Cliche Dictionary Definitions

A cliche is a structured expression that is repeated on different occasions. This is what is known as commonplace: a trivial phrase or idea, often used in similar cases.

Clichés are obvious or stereotypes that, due to their repetition, lose their capacity for impact or surprise. It can be an oral expression, but also another type of speech: a movie scene, a photograph, etc.

An example of a cliché is the loss of memory by the protagonist of a soap opera. On numerous occasions throughout history, the authors chose this resource to generate a conflict in the plot. The heroine of the soap opera can suffer a blow to the head that causes amnesia and thus stops recognizing her loved one, to name one possibility. Faced with this situation, the gallant strives for his wife to recover, hoping that she can regain her love. The cliché usually includes a miraculous or emotional recovery.

As can be assumed from the above example, considering something to be cliché depends on the time and context. At first, the resource of making the protagonist lose her memory could be shocking. In turn, if that same device is used now in a horror movie, it may not be so obvious or predictable.

This characteristic of the cliché, which makes it so little tangible and so dependent on the social and historical context, often leads to incorrect interpretations. Just as the time and the observer affect the meaning of a cliché, or even the mere consideration of a situation as such, by taking it out of its geographical location it can happen that the cultural resources to analyze it are insufficient.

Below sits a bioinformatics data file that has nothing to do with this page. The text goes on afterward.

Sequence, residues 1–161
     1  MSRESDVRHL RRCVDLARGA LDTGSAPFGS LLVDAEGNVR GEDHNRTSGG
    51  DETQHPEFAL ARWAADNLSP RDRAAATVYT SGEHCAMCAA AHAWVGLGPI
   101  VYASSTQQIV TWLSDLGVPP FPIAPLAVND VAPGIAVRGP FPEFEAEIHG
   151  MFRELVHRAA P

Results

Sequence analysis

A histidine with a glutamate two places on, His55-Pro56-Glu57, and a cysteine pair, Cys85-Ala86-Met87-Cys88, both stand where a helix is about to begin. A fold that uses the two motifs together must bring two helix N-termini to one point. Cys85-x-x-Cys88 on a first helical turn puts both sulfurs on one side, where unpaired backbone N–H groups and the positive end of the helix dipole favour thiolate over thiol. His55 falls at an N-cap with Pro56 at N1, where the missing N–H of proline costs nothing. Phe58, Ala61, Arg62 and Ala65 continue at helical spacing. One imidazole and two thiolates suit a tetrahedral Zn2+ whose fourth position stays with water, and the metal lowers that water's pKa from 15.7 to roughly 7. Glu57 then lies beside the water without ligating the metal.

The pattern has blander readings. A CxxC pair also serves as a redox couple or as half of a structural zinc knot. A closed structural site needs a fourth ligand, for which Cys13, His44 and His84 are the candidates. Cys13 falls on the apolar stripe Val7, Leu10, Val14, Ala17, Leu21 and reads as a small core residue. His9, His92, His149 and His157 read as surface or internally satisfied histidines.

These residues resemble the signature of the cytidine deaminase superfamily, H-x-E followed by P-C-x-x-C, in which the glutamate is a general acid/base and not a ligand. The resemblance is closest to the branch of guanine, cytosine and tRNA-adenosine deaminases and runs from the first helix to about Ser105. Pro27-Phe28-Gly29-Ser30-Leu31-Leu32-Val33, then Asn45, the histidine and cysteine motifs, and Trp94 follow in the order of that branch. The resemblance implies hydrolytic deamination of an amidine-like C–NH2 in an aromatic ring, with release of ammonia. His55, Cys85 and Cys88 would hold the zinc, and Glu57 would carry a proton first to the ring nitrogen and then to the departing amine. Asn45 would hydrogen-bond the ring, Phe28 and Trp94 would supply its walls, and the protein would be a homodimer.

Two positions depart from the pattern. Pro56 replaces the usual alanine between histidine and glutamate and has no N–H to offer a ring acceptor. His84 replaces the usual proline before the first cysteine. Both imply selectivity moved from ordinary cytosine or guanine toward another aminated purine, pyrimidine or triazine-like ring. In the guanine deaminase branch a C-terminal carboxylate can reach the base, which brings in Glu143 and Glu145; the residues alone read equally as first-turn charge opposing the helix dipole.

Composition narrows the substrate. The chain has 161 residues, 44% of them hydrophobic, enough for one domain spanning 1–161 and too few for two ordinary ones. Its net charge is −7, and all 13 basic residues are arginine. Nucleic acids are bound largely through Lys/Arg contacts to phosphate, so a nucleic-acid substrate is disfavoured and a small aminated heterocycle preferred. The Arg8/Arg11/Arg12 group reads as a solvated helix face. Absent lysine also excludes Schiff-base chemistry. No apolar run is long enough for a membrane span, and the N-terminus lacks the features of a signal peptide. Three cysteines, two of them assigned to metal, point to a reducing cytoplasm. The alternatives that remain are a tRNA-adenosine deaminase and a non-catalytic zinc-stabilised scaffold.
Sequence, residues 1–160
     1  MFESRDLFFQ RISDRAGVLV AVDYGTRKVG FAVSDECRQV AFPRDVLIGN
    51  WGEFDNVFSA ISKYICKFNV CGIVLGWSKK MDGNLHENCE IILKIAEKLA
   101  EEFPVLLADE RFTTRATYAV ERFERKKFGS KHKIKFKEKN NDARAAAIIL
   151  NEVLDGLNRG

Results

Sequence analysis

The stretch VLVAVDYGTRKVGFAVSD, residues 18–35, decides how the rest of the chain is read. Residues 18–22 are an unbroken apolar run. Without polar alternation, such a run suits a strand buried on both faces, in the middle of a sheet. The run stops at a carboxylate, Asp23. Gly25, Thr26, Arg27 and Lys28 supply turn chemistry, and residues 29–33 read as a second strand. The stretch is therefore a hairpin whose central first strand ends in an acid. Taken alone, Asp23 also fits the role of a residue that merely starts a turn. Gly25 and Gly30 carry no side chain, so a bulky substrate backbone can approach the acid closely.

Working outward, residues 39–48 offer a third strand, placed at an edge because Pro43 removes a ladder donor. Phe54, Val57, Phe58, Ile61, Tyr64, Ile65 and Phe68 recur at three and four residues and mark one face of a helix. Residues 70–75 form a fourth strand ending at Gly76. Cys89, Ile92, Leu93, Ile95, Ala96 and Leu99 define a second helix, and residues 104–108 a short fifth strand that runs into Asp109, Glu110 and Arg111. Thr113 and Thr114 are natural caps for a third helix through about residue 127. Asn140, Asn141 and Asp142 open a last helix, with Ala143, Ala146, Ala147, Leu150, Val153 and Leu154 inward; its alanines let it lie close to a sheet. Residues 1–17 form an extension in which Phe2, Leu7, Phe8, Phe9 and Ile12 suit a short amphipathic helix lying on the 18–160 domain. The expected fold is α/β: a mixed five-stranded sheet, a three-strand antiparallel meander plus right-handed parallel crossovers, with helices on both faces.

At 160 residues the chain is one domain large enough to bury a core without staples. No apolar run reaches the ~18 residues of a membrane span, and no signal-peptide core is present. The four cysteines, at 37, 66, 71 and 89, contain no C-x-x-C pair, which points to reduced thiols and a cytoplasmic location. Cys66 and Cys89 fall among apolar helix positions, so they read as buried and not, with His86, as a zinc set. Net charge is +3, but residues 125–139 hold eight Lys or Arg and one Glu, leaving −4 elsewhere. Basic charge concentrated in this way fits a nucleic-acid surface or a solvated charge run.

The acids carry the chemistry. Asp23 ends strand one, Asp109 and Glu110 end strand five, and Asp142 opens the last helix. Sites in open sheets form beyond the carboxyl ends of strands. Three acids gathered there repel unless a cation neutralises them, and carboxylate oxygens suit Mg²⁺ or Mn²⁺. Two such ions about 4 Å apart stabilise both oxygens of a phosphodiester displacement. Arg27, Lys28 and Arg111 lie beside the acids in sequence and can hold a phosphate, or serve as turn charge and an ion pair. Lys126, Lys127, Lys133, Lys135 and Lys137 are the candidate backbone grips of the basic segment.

In this sense, we can say that clichés are similar to jokes: the same story can seem offensive at one time and funny at another, and in the same way it can be interpreted only in certain parts of the world, where the necessary symbols and concepts exist.

The story of someone who cheats on his partner and is discovered in a compromising situation can be a cliché in many Western countries, and even cause grace to the interlocutors, while in other parts of the world it can be an unacceptable and punishable behavior. death.

It must be taken into account that clichés can be useful to establish a connection or generate complicity with the interlocutor or the viewer / listener since they provide a framework of predictability and comfort that can be irresistible.

Precisely, given that the interlocutor has the tools to predict a cliché, this resource is sometimes sought to bring him closer to the plot, to make him relax and lower his guard and then “attack” him with some unpredictable event. Returning to the case of horror stories, this dynamic is also common today and has the purpose of making the individual think that the protagonists are safe, that the danger has already passed, and then surprise them with a new unexpected threat.

In everyday life you can also speak of a cliché to describe a situation that we consider absurdly predictable. For example, if two people are chatting about a problem that a third has and their situation is considered typical, one of them may say that it is a cliché. Just as it occurs in the art world, in this case the use of this term indicates a certain contempt for the condition of the protagonist.